“That lack of service makes it difficult, if not impossible, to do homework, run a home business, join a webinar or link into telemedicine — let alone stream a video or even watch a county commissioner meeting from home,” she said.
Kevin McNamara, a resident of northern Orange County, said he often can't access the internet or receive cell phone reception.
“Cell phone availability is not a viable option for us in our community,” said McNamara. “The only internet source I have is provided from CenturyLink, so when CenturyLink’s service is down or substantially slowed, which happens frequently, I can’t even as much make a phone call from my house using my cell phone.”
Parents in unserved areas worry especially about their children’s ability to keep up in school because they need access to the internet for their homework.
“My daughter’s in the fourth grade, and we need internet service for her to be able do her schoolwork,” said Orange County resident Kate Lloyd. “I just don’t understand that I’m five minutes from downtown, and (AT&T and Spectrum) can’t extend their lines that much further.”
The county’s contract with Open Broadband is a phased project, with $385,280 approved for the first phase of the pilot program — covering north and central areas of Orange County. Pending the success of the initial project, $114,720 will be allocated for Pilot Program 2 in the southernmost area of the county,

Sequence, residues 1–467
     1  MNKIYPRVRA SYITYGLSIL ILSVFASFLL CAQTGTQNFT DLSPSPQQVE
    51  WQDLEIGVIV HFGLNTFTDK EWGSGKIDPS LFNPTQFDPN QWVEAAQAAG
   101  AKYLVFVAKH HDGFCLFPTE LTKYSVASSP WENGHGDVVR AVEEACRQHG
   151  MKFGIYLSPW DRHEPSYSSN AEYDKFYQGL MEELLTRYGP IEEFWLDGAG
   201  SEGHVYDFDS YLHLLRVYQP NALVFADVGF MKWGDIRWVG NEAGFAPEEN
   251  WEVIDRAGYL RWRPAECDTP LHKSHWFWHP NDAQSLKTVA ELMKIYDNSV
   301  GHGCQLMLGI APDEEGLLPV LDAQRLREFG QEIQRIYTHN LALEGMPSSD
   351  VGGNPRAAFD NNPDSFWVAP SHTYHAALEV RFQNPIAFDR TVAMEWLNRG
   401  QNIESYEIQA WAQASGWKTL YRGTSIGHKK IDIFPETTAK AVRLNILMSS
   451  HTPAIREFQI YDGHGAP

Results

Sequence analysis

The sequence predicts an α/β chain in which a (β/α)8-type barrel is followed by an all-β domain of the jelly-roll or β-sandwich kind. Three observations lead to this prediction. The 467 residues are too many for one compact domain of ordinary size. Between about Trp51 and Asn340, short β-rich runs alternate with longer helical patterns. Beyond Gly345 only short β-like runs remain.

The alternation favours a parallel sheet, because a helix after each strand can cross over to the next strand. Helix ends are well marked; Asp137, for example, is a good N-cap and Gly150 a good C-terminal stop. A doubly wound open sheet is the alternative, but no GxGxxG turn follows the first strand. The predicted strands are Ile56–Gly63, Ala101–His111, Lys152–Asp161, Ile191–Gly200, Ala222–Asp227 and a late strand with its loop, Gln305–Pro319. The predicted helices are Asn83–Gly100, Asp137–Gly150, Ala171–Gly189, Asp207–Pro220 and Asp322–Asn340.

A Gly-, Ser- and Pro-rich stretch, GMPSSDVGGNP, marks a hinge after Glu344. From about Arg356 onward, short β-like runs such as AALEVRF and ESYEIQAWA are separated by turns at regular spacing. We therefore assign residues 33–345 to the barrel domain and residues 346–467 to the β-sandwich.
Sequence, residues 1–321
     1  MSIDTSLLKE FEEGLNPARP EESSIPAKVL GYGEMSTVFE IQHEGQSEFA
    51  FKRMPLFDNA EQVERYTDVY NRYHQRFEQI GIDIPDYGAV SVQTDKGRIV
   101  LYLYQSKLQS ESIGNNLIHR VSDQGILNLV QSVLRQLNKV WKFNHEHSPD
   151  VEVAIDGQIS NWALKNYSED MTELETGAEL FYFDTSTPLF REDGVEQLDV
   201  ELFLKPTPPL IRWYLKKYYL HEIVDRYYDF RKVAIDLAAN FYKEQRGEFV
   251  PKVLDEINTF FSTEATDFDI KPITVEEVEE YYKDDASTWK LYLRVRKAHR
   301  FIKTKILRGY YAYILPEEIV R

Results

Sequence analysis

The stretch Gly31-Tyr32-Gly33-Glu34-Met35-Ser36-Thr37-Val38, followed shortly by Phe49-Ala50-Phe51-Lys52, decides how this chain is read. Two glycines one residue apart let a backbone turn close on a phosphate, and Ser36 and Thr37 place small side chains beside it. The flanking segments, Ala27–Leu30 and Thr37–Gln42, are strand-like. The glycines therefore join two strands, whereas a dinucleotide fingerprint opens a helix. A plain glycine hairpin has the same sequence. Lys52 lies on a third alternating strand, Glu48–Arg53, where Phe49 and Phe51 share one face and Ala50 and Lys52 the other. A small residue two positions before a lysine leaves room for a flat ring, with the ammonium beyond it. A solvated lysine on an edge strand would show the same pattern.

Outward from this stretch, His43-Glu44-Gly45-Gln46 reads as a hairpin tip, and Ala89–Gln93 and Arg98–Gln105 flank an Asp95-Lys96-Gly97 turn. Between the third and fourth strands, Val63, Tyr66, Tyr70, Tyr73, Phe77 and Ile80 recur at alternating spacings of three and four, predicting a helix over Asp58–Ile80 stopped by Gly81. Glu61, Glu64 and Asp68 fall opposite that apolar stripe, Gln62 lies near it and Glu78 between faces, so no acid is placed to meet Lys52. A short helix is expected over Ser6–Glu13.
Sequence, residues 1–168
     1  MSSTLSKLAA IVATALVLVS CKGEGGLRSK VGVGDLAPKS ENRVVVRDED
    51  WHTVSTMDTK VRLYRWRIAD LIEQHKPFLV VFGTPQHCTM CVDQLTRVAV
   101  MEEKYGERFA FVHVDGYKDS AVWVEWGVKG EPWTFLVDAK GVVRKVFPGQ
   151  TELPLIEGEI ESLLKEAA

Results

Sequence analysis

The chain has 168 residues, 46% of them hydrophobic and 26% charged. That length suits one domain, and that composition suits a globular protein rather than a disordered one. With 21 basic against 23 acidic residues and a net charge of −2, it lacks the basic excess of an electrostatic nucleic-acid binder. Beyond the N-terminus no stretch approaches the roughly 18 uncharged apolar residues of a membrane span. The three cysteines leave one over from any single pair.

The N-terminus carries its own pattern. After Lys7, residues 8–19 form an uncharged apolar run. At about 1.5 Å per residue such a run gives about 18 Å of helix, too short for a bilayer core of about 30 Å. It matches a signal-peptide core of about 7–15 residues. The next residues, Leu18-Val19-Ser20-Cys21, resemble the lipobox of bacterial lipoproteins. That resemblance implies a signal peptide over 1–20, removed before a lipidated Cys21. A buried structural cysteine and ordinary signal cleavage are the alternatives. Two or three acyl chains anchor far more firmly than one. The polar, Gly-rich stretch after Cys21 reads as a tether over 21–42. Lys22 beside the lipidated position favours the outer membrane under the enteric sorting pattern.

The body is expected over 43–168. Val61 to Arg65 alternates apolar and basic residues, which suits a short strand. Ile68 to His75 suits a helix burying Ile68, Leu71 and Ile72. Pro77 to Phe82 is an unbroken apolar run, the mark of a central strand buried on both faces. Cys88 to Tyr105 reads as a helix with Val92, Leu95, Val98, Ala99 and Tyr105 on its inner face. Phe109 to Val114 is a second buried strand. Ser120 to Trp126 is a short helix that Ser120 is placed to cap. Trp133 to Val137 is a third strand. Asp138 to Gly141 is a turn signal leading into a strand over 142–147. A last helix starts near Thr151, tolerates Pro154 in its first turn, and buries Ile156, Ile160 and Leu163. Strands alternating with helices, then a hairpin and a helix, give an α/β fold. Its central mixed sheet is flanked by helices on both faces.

Jim Northrup, spokesperson for Orange County, said the project will cover 2,700 address points out of 4,937 underserved or unserved addresses in the county. Northrup said there’s a possibility the southernmost service circle will be moved to the north to cover more customers, though such a move may be contingent on a new cell tower by Orange County Emergency Services.
“Independent of this, we have been doing a communication tower study with emergency services, and the consideration for broadband service was in consideration of where to put the first towers,” Northrup said. “We’re definitely at the table when they’re talking about constructing those towers, and we’ve reserved a strata of the tower that would enable us to offer a low barrier of entry to put something on those towers to improve broadband.”
The county will have test sites in each service circle, in order to ensure Open Broadband’s speeds are accessible for 90 percent of area address points.
Since the broadband may not work for 10 percent of service area residents, Northrup recommended customers keep an existing internet service provider for a few weeks after adding Open Broadband.
“With some (internet service providers), once you drop it — say you have a 3Mb rate — they’ll drop you to a 1Mb rate,” Northrup said. “I would not suggest running out and dropping your ISPs at this moment, but as this program starts taking shape and starts reaching its stride, I think it’ll be an obvious alternative choice for the existing service providers in those areas.”
Residents in Orange County can begin signing up for Open Broadband’s pilot at www.openbb.net.